Grimdragon Spotlight: Corey J. White

Hey Corey! Thank you so much for doing this interview! I am a huge fan of your series (Killing Gravity & Void Black Shadow)! It is chilling, brutal, fast-paced & insanely badass!

Could you give a quick summary of The Voidwitch Saga for those who may not have read it yet (WHAT ARE YOU WAITING FOR, PEOPLE?!)

Mars Xi is a genetically-engineered human weapon who’s been on the run from the people who made her for most of her life. At the start of Killing Gravity, these shadowy forces have almost caught up to her, and Mars must rely on the kindness of strangers as well as her own terrifying telekinetic potential to survive.

Mars has had few friends throughout her life, and in Void Black Shadow we see the lengths to which she’ll go to protect them. As the name suggests, it gets dark, and it’s the most political of the three books.

In Static Ruin, Mars finally confronts the man who started it all – her father.

How did you come up with the general story? I mean.. KILLER. SPACE. WITCHES.

It was a whole number of ideas all colliding together in my head. The spark was Ann Leckie’s Ancillary Justice. When I read it, I found myself skimming over the sections related to the politics of the universe she’d created because I wasn’t interested in any of that – I was interested in the characters. By the end of the book it became apparent that the politics were actually important, but by then it was too late, and I just didn’t care. But it led me to think – could I write a space opera where the galactic conflicts and politics are happening somewhere in the background, and the story itself is focused instead on the fringe of the galaxy and the outcasts who live there? After that, the rest of it kind of snowballed.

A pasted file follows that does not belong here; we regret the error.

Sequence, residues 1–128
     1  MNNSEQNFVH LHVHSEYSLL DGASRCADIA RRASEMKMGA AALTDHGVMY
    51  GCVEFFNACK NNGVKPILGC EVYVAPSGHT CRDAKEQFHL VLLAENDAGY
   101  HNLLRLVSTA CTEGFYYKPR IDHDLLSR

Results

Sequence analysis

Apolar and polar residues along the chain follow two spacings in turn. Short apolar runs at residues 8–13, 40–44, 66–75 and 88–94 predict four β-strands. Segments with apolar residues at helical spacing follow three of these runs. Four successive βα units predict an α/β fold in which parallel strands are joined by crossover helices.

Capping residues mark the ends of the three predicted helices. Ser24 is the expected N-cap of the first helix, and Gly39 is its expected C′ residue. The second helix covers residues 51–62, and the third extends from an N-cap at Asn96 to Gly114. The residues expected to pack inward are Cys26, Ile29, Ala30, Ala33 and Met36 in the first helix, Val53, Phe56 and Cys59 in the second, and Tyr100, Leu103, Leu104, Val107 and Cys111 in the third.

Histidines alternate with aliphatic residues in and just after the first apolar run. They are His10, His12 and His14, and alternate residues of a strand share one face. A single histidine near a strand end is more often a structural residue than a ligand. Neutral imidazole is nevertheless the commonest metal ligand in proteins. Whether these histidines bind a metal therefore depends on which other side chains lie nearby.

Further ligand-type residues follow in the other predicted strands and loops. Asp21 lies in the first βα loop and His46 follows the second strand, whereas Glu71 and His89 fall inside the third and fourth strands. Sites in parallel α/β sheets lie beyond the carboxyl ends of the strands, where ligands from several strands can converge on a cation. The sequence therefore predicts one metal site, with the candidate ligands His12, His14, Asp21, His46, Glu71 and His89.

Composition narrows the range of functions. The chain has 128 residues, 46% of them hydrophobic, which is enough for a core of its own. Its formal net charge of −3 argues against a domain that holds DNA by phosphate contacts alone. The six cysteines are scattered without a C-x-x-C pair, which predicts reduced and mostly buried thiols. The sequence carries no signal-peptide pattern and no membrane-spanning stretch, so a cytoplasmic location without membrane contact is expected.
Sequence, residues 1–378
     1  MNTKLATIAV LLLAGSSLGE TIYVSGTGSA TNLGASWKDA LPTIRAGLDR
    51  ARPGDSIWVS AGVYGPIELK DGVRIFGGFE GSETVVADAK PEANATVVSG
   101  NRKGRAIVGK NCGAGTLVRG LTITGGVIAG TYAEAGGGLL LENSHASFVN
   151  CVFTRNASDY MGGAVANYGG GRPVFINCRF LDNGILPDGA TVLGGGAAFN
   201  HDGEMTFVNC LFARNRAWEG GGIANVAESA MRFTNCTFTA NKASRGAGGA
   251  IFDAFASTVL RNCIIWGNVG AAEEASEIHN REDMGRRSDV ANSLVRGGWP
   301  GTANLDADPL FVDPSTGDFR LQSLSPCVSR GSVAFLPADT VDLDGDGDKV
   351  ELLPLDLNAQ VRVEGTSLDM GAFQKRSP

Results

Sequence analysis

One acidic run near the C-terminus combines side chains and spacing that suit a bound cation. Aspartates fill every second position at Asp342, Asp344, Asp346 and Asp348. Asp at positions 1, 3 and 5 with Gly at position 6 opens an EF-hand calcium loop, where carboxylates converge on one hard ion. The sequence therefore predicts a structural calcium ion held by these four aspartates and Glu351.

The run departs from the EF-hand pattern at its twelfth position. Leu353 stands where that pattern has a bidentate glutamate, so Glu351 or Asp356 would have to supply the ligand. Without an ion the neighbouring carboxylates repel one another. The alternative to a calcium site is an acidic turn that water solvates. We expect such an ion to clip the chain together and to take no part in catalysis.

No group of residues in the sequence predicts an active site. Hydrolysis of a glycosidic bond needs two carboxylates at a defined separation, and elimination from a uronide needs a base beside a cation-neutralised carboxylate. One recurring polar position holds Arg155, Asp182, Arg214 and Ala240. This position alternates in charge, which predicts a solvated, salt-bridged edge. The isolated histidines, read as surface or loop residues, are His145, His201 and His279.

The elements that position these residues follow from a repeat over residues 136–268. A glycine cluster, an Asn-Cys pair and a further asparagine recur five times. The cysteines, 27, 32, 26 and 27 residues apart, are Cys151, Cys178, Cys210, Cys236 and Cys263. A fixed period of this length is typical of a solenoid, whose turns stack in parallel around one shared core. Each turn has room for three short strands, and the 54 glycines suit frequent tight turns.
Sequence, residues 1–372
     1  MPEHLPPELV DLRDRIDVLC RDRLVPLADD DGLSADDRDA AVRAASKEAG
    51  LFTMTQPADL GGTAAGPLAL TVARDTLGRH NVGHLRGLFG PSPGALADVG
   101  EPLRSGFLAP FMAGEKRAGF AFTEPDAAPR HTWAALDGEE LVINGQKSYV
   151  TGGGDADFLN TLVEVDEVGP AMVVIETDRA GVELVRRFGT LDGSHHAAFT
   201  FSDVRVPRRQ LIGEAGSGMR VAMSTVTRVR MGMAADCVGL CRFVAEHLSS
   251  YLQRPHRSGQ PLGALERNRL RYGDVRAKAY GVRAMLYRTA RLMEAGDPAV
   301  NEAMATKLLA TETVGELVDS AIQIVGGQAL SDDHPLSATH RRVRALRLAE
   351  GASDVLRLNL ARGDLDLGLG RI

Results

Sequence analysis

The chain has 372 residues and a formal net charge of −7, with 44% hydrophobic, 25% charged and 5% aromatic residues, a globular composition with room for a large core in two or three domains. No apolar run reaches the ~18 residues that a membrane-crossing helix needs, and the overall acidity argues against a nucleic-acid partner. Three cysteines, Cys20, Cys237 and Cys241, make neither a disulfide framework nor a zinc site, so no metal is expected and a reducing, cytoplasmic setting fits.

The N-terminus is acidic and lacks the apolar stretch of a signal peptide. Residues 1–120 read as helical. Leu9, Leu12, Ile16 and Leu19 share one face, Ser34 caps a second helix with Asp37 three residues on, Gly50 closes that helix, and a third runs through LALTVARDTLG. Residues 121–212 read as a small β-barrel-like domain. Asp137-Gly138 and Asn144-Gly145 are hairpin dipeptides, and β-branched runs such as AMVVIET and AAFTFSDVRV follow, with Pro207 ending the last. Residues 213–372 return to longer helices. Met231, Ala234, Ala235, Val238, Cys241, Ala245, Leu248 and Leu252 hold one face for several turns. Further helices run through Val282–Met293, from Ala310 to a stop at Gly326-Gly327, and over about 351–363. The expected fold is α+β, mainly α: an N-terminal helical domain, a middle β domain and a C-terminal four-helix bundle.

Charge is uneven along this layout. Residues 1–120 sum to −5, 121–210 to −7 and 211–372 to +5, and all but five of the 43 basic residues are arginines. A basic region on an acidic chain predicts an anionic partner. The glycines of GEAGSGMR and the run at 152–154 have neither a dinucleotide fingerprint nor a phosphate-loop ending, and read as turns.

In terms of Mars’ abilities, it was Akira that instantly came to mind – massive telekinetic destruction, but on an even larger scale than the movie and comics show.

There is no shortage of diverse characters within this series, but it is Mariam Xi that is obviously the glue that holds it together. She is such a brilliant character! Was her voice hard to write or did it just come naturally?

Mars came really naturally, and I think that’s because there’s so much of me in her. The self-loathing and feelings of worthlessness are straight out of my own experience, and the rage and violence is something I dealt with (in a minor capacity, I think) in my early teens. I hope I’ve matured into a calm and conscientious adult, but Mars never had that chance – she had to lie, cheat, steal, and kill just to survive.

She’s not a good person, but she is fiercely loyal to those she loves, and she is an unflinching protector of the weak, so she’s not all bad.

How much input did you have regarding the covers? Tommy Arnold is an artistic genius! I think he is truly one of the greatest modern cover artists & your covers are especially rad as hell!

Tommy Arnold is definitely one of the best cover artists working today. My editor (Carl Engle-Laird) and I had a similar idea in mind for the first cover, which probably would have been too busy. Tommy definitely made the right call with keeping the design clean and striking.

Can you describe how you felt when you first held a physical copy of Killing Gravity in your hands? Or what it was like seeing it out in the wild for the first time?

Ecstatic. I’m still kind of amazed that it’s a real thing that people have on their bookshelves.

Which writers inspire you?

William S. Burroughs is the main one in terms of actual prose. The way he used language was completely unique, particularly his descriptions. Warren Ellis in terms of output, discipline, and the way he keeps a distinctive voice across projects and different forms. I’m also coming up alongside some incredible writers like JY Yang, Cassandra Khaw, and Brooke Bolander. It’s always inspiring just to see their work, and all the amazing stories that are coming out of the SFFH fields at the moment.